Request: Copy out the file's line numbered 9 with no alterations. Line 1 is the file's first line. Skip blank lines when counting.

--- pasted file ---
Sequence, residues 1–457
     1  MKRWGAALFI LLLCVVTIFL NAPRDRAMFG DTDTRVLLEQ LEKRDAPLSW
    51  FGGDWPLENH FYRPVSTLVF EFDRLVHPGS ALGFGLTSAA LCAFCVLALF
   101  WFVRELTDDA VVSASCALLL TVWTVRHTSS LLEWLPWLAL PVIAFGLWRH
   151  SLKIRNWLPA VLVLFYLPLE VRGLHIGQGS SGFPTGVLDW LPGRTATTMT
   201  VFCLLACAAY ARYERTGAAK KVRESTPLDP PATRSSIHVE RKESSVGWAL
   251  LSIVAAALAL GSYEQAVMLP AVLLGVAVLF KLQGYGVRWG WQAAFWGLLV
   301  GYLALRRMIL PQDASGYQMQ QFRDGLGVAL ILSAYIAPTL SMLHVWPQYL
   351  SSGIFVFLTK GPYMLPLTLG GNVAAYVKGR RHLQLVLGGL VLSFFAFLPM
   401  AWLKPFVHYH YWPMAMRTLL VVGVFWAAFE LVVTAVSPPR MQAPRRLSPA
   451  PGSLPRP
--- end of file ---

   351  SSGIFVFLTK GPYMLPLTLG GNVAAYVKGR RHLQLVLGGL VLSFFAFLPM